279-parity-163740246-738x415tsYou may have heard a little bit about health care sharing ministries.  But exactly what are they, and how do they work?

By definition, they’re a “health care cost sharing arrangement among persons of similar and sincerely held beliefs.”  They’re not-for-profit organizations.  They’re also exempt from many of the requirements laid out by the Patient Protection and Affordable Care Act (PPACA), such as the requirement to cover certain preventative services or submit to the usual solvency oversights of most major medical coverage plans.

They first popped up in the 1600s and began as religious or community groups who agreed to pay cash into the program during good times to allow them to make withdrawals when times were tough.  They’ve historically been composed of mostly members of Protestant religious denominations.  However, as interest in these programs has grown, they’ve broadened their appeal to include those of any, or no, religion.  Instead, applicants must merely agree to a set of “shared beliefs,” avoid the use of tobacco or illegal drugs, limit their alcohol intake, and lead a healthy lifestyle.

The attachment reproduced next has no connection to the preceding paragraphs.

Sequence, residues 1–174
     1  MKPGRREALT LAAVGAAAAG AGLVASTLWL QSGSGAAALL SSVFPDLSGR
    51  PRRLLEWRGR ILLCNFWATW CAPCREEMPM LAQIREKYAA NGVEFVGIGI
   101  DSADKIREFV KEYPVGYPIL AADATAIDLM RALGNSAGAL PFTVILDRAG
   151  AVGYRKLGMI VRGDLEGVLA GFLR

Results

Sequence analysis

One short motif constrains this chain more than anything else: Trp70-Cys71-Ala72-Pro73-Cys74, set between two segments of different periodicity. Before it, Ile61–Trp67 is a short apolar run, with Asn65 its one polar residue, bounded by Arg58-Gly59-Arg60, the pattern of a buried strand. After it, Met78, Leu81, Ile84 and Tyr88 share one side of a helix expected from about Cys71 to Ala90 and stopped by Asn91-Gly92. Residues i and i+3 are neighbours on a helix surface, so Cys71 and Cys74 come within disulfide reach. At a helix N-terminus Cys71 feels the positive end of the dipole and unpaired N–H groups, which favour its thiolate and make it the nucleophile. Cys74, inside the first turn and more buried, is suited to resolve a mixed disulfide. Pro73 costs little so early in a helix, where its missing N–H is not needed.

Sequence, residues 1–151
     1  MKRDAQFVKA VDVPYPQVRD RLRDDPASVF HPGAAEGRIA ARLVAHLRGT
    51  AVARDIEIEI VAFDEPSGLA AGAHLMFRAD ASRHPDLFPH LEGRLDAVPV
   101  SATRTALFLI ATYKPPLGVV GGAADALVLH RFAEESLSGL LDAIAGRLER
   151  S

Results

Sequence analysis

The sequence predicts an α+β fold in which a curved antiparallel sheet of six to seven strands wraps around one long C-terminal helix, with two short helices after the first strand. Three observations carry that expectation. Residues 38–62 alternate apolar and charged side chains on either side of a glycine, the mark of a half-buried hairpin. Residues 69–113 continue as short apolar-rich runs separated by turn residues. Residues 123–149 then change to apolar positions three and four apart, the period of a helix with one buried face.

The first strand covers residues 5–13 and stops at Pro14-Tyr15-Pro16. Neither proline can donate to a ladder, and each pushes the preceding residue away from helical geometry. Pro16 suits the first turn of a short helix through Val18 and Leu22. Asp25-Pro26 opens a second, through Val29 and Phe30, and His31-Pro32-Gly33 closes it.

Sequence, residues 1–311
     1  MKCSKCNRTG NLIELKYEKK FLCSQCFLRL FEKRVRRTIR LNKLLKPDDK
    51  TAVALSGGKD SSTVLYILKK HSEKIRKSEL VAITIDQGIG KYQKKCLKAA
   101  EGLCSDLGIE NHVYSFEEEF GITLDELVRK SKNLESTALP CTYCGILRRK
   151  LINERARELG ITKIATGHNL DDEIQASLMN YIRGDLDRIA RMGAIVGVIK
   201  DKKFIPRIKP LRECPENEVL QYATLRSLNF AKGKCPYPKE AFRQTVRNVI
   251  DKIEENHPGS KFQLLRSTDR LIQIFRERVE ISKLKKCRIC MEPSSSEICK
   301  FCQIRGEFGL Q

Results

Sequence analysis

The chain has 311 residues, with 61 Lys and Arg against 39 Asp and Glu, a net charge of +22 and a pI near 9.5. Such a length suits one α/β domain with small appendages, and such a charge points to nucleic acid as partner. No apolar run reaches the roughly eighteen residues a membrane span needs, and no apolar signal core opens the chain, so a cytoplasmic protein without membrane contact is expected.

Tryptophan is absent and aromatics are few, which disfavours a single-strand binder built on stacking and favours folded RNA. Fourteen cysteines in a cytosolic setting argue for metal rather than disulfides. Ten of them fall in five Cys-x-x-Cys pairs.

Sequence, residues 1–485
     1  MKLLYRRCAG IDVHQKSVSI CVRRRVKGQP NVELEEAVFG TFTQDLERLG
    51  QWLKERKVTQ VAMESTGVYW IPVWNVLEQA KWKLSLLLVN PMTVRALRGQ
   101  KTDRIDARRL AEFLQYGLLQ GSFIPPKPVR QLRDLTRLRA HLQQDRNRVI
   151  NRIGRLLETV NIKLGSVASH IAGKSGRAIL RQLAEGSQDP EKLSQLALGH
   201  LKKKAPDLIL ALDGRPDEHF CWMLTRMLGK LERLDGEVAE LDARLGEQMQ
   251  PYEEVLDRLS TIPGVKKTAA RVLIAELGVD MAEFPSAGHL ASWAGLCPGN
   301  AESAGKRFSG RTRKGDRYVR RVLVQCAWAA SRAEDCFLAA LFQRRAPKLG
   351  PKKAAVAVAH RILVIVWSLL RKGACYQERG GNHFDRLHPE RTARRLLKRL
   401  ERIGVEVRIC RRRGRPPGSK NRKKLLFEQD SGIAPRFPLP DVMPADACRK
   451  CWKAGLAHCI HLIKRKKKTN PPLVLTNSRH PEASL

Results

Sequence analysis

While they’ve been around for a while, health care sharing ministries began to gain popularity in the 1960s as an alternative to for-profit insurance companies.  According to their advocacy group, the Alliance of Health Care Sharing Ministries, about 430,000 people nationwide are enrolled in a recognized ministry.

Their operation basically relies on healthy members who contribute money and prudent ministry managers who disburse the funds in a responsible way.  Because little personal health information is provided by applicants, coverage can often be purchased much more cheaply than comparable insurance.

Most health care sharing ministries have a deductible, usually comparable to that of other standard plans.  There’s also currently a bill before Congress that would allow them to treat their coverage as high-deductible plans, regardless of the deductible, making members eligible for Health Savings Accounts (HSAs).

While members of health sharing ministries are exempt from ACA requirements, they’re also ineligible for some of its protections, which has resulted in some concern over their use.  To learn more about these plans and their nuances, you can check out this article on BenefitsPro.